Posts Tagged 'Ethiopia'

Nearly there

I had a long drawn out breakfast with my colleague. It was nice not to have to look at my watch. We talked for hours. We were the only ones from our party who had not left. Downstairs in the lobby an unmanned piano played Auld Lang Syne and other seasonal melodies.

I had planned to have a massage in the morning but my Ethiopian friend E said she’s come to pick me up for a coffee at 9. She never came and I never had my massage. Instead I finished some administrative chores and then went to the airport.

The baggage check revealed something metal in my luggage. To the man behind the computer screen this appeared suspicious. I had to unpack my suitcase. I knew what he was looking for, the bronze Nepali temple bells which I use to indicate that time’s up in my workshops. He asked what they were and I told them they were bells for praying. His supervisor was called and this time I told him these were bells I used for praying. He smiled and decided not to confiscate them when I indicated that I really needed them for my religious practice.

In Nairobi I stepped into the wrong bus, the one that went to the terminal. When I was asked to pay 20 dollars for a transit visa I protested. That is 5 dollars per hour for my 4 hour wait, I said. When the immigration official understood that I wasn’t going to leave the airport I was handed over to a nice gentleman who organized a small bus to take me across the airport to the transit hall.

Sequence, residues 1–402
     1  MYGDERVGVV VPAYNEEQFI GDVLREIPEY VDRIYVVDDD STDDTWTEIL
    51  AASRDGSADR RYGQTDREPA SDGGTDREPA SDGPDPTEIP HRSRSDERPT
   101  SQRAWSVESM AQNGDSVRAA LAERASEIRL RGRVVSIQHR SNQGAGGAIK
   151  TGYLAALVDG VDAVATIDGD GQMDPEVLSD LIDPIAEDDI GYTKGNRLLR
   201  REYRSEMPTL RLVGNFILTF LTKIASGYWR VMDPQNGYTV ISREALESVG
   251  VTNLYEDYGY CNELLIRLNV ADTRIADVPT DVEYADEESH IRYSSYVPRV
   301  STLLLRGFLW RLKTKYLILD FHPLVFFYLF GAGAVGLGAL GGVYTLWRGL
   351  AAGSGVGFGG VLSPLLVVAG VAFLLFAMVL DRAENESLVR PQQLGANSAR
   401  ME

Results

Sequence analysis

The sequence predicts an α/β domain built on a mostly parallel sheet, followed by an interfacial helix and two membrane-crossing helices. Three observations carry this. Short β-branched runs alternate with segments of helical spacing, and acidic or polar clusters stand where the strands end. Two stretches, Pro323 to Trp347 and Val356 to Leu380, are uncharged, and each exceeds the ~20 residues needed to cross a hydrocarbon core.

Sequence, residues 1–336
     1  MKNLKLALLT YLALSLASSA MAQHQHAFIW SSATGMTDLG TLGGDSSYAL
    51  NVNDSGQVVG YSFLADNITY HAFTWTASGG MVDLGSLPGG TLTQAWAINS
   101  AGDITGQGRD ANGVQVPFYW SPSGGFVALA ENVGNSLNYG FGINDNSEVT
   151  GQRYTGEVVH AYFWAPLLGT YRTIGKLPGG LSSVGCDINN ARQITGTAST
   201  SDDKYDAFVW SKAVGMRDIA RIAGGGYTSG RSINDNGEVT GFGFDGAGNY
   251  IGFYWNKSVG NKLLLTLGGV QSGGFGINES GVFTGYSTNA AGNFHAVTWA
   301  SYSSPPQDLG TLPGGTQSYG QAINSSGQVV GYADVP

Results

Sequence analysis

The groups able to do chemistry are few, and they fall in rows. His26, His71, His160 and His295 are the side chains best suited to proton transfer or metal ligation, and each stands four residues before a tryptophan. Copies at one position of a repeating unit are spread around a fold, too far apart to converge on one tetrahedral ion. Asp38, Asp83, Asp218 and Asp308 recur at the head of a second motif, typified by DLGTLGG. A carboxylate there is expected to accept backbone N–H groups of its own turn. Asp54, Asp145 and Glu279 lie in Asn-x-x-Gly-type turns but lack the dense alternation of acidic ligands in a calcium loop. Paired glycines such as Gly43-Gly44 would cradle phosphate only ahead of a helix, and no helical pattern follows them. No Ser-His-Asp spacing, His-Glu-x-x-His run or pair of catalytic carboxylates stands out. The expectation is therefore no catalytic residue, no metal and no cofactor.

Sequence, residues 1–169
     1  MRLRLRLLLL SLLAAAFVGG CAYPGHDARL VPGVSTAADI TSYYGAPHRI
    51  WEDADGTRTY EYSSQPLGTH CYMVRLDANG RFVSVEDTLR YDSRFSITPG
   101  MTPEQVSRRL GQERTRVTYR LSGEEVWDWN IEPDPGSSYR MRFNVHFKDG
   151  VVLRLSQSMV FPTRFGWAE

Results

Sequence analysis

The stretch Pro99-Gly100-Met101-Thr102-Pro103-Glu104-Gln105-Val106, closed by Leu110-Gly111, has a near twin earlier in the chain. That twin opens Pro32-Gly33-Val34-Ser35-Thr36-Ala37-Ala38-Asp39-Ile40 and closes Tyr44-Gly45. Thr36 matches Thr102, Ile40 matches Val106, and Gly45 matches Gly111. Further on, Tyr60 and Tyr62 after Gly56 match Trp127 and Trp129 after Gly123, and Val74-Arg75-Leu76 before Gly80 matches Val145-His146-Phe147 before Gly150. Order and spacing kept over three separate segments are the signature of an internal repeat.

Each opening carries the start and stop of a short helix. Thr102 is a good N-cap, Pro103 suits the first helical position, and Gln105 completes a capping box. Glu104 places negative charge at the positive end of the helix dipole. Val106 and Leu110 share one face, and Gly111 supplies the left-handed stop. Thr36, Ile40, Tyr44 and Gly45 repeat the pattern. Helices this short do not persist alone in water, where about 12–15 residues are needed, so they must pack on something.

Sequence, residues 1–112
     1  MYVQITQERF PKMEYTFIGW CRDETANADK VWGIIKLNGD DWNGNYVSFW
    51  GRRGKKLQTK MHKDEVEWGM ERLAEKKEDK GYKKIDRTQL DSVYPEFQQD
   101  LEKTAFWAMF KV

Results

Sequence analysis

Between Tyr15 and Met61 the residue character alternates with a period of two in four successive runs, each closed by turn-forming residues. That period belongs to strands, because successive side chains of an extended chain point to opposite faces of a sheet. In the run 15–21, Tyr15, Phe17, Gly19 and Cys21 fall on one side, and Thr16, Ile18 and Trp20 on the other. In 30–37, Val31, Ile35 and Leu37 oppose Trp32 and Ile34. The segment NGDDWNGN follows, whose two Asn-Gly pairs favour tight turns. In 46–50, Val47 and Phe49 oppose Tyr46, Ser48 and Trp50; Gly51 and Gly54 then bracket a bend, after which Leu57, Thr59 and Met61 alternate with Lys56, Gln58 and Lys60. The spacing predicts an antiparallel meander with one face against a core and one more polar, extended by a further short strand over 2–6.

The KLM double-decker Boeing packed us like sardines, and then, 8 hours later, deposited hundreds of us at a drizzly Schiphol airport before 5 AM. Here I am now, waiting for the next and final leg of this long trip. I feasted on beschuit met kaas in the KLM lounge. I didn’t touch the speculaas or the stroopwafels and licorice because I am still on a no-processed-sugar diet, quite successfully I might say. I am experiencing that mental clarity I was promised 6 weeks ago. Indeed!

Send-offs

My last assignment has been completed, goods delivered, people inspired and ready to change whatever they can around them. I think this is why I am an optimist when it comes to people (and a pessimist when it comes to governments, systems and structures).

We finished today with an Open Space session which was, as usual, a big hit. There were moving and honest conversations about the experience of working in a dysfunctional team, the undiscussables, the double agendas, and working in dysfunctional societies.